It has been more than six months since the Central Bank of Nigeria (CBN) directed banks to stop serving customers from the cryptocurrency industry. While the measure appears to have succeeded in removing crypto entities from the banking ecosystem, the policy has however led to the growth of peer-to-peer trading.
‘Central Bank of Nigeria’s Actions Led to an Increase in Activity on the Black Market’
As some reports have shown, Nigeria’s position as the biggest cryptocurrency market in Africa remains unchallenged. For its part, the CBN has complemented its regular arguments against cryptocurrencies with the now routine assurances that Nigeria will have its own digital currency.
To understand these dynamics and the impact they have had on the Nigerian crypto space, Maximumhorrors.com News reached out to Chiagozie Iwu, the CEO and Co-founder of Naijacrypto, a Nigeria crypto exchange. Below are Iwu’s responses to written questions.
Maximumhorrors.com News (BCN): Can you briefly explain how the CBN directive affected your company?
Chiagozie Iwu (CI): The CBN directive stopping banks from partnering with crypto companies affected us in the following ways: At the initial stage, our bank accounts were closed and we had to move funds to alternative accounts. We suspended fiat deposits but left withdrawals open. This move was to allow customers to withdraw freely without panicking. This actually caused reserves to diminish but confidence was maintained. Some of the foreign exchanges closed both deposits and withdrawals and hiked the price of crypto against the naira.
About two weeks after the ban, Naijacrypto switched to a closely controlled peer-to-peer method for deposits that reinitiated fiat entry to the exchange. While growth was slowed by the directive, growth still occurred but not as fast as the exchange was growing before the CBN directive.
The exchange became multi-jurisdictional in terms of business operations to reduce the effect of unforeseen operational crackdowns and is currently working towards being multi-jurisdictional in its business registrations.
BCN: Your company recently partnered with Dash to start a crypto exchange in Haiti. Why Haiti and does this in any way signal that Naijacrypto is about to leave the Nigerian market?
CI: As for the Dash partnership to expand to Haiti, this had been in the works months before the CBN directive and was an initiative of the dash team alongside Naijacrypto. We used Haiti as a springboard to enter the Caribbean as the Caribbean and Latin American market is our next target beyond Africa.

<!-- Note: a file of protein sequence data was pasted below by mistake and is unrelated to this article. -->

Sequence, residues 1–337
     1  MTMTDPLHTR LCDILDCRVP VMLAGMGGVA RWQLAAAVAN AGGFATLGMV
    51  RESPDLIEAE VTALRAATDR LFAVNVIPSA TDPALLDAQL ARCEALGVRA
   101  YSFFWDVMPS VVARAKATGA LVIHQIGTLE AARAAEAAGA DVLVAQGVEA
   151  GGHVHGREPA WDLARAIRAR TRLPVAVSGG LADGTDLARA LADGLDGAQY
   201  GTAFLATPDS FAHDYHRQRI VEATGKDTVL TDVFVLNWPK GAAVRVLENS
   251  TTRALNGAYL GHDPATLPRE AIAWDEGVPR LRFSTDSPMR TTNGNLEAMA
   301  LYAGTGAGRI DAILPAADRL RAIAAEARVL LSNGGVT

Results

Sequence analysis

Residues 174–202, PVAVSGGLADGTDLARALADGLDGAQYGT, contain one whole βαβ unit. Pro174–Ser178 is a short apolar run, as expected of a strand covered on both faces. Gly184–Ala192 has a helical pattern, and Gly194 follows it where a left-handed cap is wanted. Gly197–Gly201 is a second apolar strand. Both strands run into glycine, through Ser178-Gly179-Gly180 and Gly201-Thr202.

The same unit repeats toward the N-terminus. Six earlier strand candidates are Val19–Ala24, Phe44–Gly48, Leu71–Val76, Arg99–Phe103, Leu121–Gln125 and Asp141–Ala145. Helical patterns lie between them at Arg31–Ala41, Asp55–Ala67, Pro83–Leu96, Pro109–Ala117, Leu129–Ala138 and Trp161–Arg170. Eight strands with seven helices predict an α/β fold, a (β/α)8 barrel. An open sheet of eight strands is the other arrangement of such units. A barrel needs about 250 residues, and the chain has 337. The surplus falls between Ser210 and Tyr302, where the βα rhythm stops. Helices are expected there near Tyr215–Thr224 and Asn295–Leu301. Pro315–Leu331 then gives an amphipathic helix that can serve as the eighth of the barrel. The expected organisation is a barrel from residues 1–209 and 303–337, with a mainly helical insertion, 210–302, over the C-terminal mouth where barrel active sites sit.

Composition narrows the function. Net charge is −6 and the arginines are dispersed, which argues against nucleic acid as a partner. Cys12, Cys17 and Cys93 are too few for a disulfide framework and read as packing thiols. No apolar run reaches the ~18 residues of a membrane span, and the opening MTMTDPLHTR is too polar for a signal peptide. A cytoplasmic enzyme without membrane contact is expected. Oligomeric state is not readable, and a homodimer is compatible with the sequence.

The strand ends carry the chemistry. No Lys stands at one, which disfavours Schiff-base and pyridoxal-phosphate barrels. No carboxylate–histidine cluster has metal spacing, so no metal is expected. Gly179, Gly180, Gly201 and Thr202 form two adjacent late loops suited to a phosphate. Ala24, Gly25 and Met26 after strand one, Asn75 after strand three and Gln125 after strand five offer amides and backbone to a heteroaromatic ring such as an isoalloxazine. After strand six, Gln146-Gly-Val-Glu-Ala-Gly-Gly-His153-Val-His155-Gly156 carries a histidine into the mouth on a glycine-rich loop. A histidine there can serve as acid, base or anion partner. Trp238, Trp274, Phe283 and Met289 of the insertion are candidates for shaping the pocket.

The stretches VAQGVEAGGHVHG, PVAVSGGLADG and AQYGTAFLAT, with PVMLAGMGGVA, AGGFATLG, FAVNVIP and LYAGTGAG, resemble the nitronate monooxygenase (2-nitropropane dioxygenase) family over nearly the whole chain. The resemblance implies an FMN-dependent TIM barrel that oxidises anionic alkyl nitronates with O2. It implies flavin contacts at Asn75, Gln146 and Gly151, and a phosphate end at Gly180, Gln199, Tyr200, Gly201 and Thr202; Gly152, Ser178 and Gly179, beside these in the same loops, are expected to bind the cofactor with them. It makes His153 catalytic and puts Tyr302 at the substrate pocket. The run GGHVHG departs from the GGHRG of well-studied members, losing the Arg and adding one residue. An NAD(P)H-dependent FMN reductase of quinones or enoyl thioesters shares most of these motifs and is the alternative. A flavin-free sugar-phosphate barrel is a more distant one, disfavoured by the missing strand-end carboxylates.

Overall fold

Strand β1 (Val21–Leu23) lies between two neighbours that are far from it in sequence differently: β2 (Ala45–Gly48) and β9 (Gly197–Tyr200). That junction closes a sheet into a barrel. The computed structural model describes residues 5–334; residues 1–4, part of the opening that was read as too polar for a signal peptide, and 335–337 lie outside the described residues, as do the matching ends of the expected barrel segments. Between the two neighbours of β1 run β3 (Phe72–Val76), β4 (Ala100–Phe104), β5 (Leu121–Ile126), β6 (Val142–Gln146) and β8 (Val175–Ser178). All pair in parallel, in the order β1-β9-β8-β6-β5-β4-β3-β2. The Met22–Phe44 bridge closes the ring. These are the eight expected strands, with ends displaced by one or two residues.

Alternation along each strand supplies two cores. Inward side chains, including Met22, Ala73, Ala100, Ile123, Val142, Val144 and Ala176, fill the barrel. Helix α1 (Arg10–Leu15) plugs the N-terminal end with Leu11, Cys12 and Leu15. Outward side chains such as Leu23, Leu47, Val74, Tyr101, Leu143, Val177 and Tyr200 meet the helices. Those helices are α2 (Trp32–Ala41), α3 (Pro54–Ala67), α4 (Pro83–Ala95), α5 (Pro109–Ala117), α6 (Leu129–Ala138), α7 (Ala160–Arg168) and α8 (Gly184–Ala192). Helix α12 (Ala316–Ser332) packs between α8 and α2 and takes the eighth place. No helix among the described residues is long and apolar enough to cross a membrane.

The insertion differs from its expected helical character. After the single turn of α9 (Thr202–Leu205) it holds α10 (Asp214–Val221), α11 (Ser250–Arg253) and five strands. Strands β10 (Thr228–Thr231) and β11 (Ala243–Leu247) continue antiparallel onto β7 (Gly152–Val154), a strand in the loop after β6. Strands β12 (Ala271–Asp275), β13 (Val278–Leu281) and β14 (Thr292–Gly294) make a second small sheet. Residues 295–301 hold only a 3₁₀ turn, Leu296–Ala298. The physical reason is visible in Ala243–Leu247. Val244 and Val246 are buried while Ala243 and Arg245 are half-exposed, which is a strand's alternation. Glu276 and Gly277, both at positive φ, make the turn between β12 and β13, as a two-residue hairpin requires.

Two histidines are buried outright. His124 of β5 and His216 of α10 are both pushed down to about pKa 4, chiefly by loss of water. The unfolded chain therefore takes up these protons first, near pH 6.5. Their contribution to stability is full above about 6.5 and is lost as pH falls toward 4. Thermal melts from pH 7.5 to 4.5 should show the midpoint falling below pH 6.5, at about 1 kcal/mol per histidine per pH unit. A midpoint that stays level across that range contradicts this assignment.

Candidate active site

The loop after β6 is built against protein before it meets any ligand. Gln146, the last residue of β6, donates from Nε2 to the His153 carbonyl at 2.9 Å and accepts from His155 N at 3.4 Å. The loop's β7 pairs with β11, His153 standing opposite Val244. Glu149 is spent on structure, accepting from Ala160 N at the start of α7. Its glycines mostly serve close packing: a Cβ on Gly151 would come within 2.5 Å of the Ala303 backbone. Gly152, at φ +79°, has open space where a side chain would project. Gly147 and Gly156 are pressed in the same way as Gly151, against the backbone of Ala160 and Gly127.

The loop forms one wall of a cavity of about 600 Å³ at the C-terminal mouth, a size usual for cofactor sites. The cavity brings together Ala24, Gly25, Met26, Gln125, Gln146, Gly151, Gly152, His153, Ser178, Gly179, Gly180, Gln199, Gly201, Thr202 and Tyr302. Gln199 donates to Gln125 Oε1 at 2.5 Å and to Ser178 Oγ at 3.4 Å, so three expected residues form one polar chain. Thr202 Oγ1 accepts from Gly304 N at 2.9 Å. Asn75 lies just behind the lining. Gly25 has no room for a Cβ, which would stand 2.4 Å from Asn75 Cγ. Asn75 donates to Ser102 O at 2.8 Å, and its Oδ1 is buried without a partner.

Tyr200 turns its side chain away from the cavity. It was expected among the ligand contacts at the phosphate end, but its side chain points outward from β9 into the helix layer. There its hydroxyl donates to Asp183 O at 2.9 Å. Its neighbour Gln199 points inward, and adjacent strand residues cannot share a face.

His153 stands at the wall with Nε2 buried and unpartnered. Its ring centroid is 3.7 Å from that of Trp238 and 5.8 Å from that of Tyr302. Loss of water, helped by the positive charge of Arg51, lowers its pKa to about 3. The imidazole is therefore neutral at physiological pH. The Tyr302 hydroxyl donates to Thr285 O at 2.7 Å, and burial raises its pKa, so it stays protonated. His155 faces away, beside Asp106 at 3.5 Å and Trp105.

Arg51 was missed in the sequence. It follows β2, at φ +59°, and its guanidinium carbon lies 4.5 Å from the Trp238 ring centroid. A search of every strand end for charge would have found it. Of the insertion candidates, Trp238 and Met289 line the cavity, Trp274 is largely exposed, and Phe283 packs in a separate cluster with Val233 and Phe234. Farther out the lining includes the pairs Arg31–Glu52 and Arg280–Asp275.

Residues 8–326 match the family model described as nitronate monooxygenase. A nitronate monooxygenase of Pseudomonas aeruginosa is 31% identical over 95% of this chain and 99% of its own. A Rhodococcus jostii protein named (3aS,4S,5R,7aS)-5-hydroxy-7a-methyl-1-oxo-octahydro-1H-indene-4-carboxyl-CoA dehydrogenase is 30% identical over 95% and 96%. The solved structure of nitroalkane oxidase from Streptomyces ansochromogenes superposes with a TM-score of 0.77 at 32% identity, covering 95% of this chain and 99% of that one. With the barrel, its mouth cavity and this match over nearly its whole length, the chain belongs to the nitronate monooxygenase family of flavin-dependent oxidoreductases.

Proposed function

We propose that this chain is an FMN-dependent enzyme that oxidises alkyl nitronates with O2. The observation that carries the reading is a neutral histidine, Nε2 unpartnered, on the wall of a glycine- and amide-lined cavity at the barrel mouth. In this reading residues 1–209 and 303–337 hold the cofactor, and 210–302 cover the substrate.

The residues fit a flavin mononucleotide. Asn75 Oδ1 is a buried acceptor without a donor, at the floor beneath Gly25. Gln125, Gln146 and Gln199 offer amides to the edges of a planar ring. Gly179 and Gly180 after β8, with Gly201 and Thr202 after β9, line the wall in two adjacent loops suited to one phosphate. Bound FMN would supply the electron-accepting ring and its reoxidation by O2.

BCN: Do you also plan to set up operations in other markets?
CI: Yes, we plan to have operations in 12 other African countries and 3 Caribbean countries by Q2 2022.
BCN: In your opinion, has this CBN directive cooled down the Nigerian youth’s interest in digital currencies?
CI: The Nigerian youths’ interest in digital currencies was actually not waivered. P2P exchanges like Paxful and Binance p2p saw a lot of growth this period. What the government just succeeded in doing was moving the trade of crypto from centralized exchanges like Naijacrypto and Luno to more black market-like exchanges.
BCN: It has been reported that the CBN will start piloting its CBDC or e-naira in October of this year. Is this a positive development for the Nigerian digital currency industry?
CI: As for the CBDC, my personal opinion is that there is no difference between it and what the banks already do in terms of online banking and other utilities. In fact, electronic forms of transacting are no different from the CBDC so there is no added growth to financial inclusion. The CBDC is not on a true blockchain which means it is not decentralized and therefore totally unattractive to members of the crypto community who are known to favour decentralization and hate government control. The net effect is zero on the digital currency industry.
BCN: Nigeria has had its fair share of crypto scams and this perhaps is what invites the unwanted attention of the CBN and other regulators. What do you think needs to be done in order for the Nigerian crypto industry to shake off this scam image?
CI: Crypto scams can be prevented if the government had a proper regulatory framework for cryptocurrency exchanges rather than outrightly ban their access to banking. In fact, their actions led to an increase in activity on the black market. Centralized exchanges have tools to detect blacklisted wallets and dangerous transactions. Centralized exchanges have KYC protocols therefore funds from scam sources can easily be de-anonymized.
Working with these centralized exchanges is one wise way of preventing scams and restricting black market exchanges. Also, the government does not seem to properly engage with the industry when it comes to preventing or stopping these scams. In fact, in many cases, major stakeholders detect these scams before they get steam but the government usually ignores our pleas to investigate these scams. I personally think that scammers would use other tools even if they do not use crypto. The biggest Ponzi schemes in Nigeria have been non-crypto and the government agencies have never protected people from these.
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